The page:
In my previous two posts on indoctrination, I allowed some sloppiness when it came to the age of the target. I’d like to clear that up here.
As a helpful commenter pointed out, we all impose on our children some of the methods of indoctrination I outlined in my original post on the topic, and we don’t generally consider this to be a negative thing. Indeed, regardless of social, cultural, and family history, children below a certain age are not capable of thinking critically and rationally in the same way well-educated adults are. To some extent, then, we have to use the tools of indoctrination to raise our children. We have to rely, to some extent, on our position of authority as parents or teachers, and our children must occasionally just take our word for it that we’re being fair and balanced.
My view of this is that it’s a necessary evil – in an ideal world, such methods should never be necessary, but we don’t live in such a world.
Yet this is also why indoctrination can be so pernicious when targeted at the young: it works better on naive, unsuspecting youngsters, than it does on adults. Hence the Jesuit saying, “Give me a child for the first seven years, and you may do what you like with him afterwards.”
The difference between a parent (or teacher) intent on indoctrination, and one intent on raising an independent thinker, is that the latter will look for every opportunity to encourage the child to think for himself. In this way, the child will be weaned from his dependency on authority as soon as possible.
There is another big difference. The parent intent on raising an independent thinker will generally not use emotional ploys to encourage obedience. As a parent of a young child myself, I’ve discovered that an effective way of convincing my child to do something is by explaining to him exactly why it needs to be done, and what the consequences are of him not doing it. However, I could just as easily run a guilt trip on the child: tell him how disappointed and sad I’ll be if he fails to comply, or how happy I’ll be if he does comply. Suffice it to say, I find this latter approach to be both manipulative and unnecessary.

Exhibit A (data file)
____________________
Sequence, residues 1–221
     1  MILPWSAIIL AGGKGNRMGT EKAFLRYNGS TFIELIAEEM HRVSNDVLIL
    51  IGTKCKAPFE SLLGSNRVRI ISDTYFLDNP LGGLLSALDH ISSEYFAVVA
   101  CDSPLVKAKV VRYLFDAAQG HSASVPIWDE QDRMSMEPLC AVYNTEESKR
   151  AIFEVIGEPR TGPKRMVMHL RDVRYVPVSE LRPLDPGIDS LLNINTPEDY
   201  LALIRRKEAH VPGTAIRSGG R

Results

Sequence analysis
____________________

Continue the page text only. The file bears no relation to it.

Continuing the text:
It seems to me that indoctrination, in the pejorative sense that I’ve been using in these posts, takes advantage of these sorts of emotional tools – tools that fail to explain the reasoning behind claims but instead encourage fealty by manipulating the emotions. Critical thinking cannot blossom under such conditions. (Religions, in particular, are quite good at this: God will be upset if you don’t do X. You’ll make God sad if you do Y. It makes God really happy when you do Z.)
Once again, this can be applied to children or adults, but it tends to be more effective with children given their greater desire to please role models.
So, with the above discussion in mind, here are some modified criteria for indoctrination.
Once again, I’m not claiming that all criteria have to be met simultaneously. I’d also like to say a quick word about number 2: I’ve rephrased it to reflect the concept of consistent praise. It’s not necessarily a bad thing to teach a particular doctrine over a long period of time, but one should also be willing to share any weaknesses and flaws that the doctrine may have. Careful avoidance of such weaknesses is not conducive to critical thinking.
- Start when the target of indoctrination is a child, if possible.
- Consistently praise only the desired doctrine over a long period of time, preferably years.
- Demonize or mischaracterize alternative views and/or insulate the target from them.
- Teach the target that he is not capable of making decisions about beliefs for himself (i.e., that obedience to authority is paramount).
- Lead the target to believe that he owes it to you (or someone else) to uphold your worldview. Make him believe he has a debt to pay. In short, use guilt and other emotional ploys.
- Discourage doubt by characterizing it as a weakness.
- Immerse the target in a social environment composed only of people with the same beliefs.